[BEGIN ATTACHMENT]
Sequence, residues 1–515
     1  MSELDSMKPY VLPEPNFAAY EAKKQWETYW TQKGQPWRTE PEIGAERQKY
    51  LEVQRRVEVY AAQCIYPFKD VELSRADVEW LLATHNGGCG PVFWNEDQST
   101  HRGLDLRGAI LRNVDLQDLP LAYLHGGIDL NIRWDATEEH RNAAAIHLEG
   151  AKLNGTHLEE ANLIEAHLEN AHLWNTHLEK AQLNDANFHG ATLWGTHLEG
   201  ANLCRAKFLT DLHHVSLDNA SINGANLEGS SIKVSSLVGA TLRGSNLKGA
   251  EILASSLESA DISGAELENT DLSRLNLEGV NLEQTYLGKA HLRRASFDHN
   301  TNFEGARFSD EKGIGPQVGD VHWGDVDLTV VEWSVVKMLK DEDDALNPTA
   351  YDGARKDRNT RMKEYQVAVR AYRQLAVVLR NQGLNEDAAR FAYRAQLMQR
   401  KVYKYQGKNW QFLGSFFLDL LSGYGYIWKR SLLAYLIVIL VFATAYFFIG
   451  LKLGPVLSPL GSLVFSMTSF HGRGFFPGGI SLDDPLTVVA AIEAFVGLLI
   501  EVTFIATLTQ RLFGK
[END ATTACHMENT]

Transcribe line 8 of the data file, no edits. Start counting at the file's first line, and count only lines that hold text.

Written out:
   301  TNFEGARFSD EKGIGPQVGD VHWGDVDLTV VEWSVVKMLK DEDDALNPTA